As it happens, just as I was walking past the bus stop about 400 metres from the garage, a bus came along and I could even have had a free ride home, but I persevered. And I’m glad that I did.

Mind you, I shan’t be walking back to pick him up when he’s ready. That’s not part of the plan at all.

Even more surprisingly, I’m surprised that I even thought about it after the night that I had. I promised yesterday that I won’t mention bad nights again so I’ll say nothing more.

It was however something of a very mobile and extremely surreal night. I don’t know why but I had just thrown a load of inflatable lifebuoy rings and toys and things into a swimming pool. Everyone had jumped in afterwards after them but thy were adults and even so they were making like whale things like squirting water out of a jet at the back of their helmets and that kind of thing, not being serious at all.

Later on there were 2 Viking ships doing a shuttle service between Norway and England. One of them was delayed for so long that by the time they prepared to leave the other Viking ship or Norse trading ship had come in to the harbour down the coast so they wanted to slip out to sea before the captain of that ship came to look for them to wonder why they had been so long. They slipped out on the tide at night and were caught in a fog. eventually they made a very rough landfall on some kind of island that might have been the Faroe Islands or something but was totally uninhabited. The ship was damaged so they couldn’t sail away so they had to sit and make the most of what it was that they were going to be doing on this island. There was plenty of driftwood for wood but that was really all about everything.

Some time later I was with a friend of mine in that old black MkV that I had and we were going into Crewe somewhere, just generally talking. This Cortina was running really poorly on about 3.5 cylinders and you had to work the gears pretty hard to get it to move. We went all the way down Mill Street where we nearly ran into the back of a car. I stopped by turning left and let some people cross the street, up past Oak Street into the town centre. The whole of the town centre had changed. There was still the pavement opposite the library but that was now a lawn but where the car park and the ring road used to be was now all buildings. I was having to find a place to park there but I couldn’t see anywhere to park. I was thinking that I would have to drive round for a bit in order to find somewhere.

There were plenty of other things going on too. We were on a coach tour going into Hungary. When it was meal-time the coach pulled up in Budapest, but it was no Budapest that I ever knew, something really modern. We all cascaded out and there was a restaurant there and it had absolutely nothing whatever vegan. We went to look at another couple in the vicinity and there wasn’t anything there either. By the time that we’d met up with a couple more off the coach who were looking for something to eat. We went back to the first place but to get there wasn’t easy. We had to scramble down this slope that looked very insecure. Down at this restaurant you had to make your own pizza, make your own sandwiches, take them to the till. There was nothing there that I could eat so we went into the restaurant to look for the tour guide. He wasn’t there. I was becoming extremely annoyed about this because I wanted something to eat but there was nothing there whatever that I could eat.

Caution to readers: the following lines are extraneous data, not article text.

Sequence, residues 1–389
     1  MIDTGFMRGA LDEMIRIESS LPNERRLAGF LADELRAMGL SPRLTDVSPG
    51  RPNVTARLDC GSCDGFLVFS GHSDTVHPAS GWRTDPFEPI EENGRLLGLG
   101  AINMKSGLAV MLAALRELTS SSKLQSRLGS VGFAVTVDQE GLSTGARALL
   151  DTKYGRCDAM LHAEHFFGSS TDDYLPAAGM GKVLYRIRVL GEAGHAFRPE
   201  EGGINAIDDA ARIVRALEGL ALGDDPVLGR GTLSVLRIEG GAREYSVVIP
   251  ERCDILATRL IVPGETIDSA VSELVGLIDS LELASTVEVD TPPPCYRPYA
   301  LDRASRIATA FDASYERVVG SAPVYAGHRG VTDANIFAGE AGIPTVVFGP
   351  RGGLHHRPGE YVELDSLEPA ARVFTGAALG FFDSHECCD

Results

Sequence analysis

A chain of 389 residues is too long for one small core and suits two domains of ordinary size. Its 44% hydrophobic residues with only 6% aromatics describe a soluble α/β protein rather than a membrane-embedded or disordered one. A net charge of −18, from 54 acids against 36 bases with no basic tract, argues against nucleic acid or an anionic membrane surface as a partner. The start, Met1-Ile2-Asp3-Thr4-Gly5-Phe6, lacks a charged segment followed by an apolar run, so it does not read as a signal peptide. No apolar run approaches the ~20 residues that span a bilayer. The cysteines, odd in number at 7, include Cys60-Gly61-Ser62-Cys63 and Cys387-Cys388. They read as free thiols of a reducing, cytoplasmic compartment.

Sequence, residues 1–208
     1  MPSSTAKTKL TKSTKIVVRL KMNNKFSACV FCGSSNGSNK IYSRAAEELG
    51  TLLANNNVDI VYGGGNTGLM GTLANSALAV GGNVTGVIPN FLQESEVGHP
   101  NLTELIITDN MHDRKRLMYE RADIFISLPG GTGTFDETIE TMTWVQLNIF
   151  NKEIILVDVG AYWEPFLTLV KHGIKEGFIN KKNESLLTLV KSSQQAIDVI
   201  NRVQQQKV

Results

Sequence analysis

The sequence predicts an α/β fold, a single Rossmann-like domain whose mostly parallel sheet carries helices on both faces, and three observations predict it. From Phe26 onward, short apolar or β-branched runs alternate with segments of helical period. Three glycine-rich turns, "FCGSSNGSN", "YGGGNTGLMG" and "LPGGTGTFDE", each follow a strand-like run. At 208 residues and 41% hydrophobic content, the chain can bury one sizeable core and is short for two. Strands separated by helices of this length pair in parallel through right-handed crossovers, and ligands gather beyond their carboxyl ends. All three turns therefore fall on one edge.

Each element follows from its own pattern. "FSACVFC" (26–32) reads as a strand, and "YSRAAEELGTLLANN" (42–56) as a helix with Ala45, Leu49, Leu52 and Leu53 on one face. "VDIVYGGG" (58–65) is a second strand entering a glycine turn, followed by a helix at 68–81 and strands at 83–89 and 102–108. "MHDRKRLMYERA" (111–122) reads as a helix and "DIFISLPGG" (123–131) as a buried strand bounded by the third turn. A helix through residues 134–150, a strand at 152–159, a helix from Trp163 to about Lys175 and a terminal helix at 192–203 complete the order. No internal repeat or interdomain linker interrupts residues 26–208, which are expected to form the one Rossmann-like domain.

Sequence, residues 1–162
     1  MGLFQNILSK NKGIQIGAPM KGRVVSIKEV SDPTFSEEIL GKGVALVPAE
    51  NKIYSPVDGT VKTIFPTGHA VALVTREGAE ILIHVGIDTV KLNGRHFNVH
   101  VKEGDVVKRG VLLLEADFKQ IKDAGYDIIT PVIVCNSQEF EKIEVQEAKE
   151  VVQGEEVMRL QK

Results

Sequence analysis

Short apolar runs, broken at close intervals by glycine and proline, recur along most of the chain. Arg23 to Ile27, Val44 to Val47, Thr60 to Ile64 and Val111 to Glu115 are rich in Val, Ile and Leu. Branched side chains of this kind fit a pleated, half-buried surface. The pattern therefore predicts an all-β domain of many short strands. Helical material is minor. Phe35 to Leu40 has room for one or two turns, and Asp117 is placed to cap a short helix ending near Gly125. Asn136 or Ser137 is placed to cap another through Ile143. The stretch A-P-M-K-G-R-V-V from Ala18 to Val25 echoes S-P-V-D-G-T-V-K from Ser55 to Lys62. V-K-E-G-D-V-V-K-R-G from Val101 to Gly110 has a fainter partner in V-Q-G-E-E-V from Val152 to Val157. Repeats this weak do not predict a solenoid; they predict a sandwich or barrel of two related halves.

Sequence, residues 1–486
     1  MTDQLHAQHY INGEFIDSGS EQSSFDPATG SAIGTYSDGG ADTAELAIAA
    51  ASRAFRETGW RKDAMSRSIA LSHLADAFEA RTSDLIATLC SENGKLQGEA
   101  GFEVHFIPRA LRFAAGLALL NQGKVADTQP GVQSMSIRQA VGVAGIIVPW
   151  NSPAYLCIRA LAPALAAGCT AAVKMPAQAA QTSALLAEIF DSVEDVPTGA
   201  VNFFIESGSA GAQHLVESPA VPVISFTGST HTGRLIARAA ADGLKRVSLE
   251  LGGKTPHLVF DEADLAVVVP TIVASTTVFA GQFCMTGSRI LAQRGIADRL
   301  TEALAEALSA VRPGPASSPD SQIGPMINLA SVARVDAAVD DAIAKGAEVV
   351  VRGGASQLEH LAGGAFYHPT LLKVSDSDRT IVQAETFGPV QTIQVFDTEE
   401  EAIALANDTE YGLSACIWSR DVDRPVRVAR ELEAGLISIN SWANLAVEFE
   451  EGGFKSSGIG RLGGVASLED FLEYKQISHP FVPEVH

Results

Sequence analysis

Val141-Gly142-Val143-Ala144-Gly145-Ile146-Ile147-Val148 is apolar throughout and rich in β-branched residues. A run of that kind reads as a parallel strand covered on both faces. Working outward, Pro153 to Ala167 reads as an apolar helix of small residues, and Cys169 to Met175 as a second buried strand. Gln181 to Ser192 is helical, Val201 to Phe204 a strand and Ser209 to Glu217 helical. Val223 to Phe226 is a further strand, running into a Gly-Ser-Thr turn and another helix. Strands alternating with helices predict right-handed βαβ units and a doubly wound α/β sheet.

Finally there was an awfully interesting chat about camisole dresses and school sports days but I’m not quite sure what that was all about – something about rolling the camisole dress up like girls do when they go to school – roll the waist over to make the skirt shorter.

After the medication I went and assembled Caliburn’s door.

Regular readers of this rubbish will recall that the door latch keeps sticking and sometimes I can’t open it from the outside. A few weeks ago I dismantled it and oiled all of the parts with WD40 and I left it half-dismantled to make sure that it works. Today I gave it another oiling and then put it back together.

Having dropped Caliburn off at the menders’, I set out for my marathon walk home. It was sunny but there was a cool breeze and I was very grateful for that.

calvary rue de la font jolie Granville Manche Normandy France Eric Hall photo November 2021On the corner of the street near the garage is a calvary – a shrine in honour of the Virgin Mary i reckon.

The plaque underneath it is very worn but the general message suggests that it’s to do with a pilgrimage to Lourdes in 1959

And this reminds me of a story that I have told before … “and on many occasions too” – ed.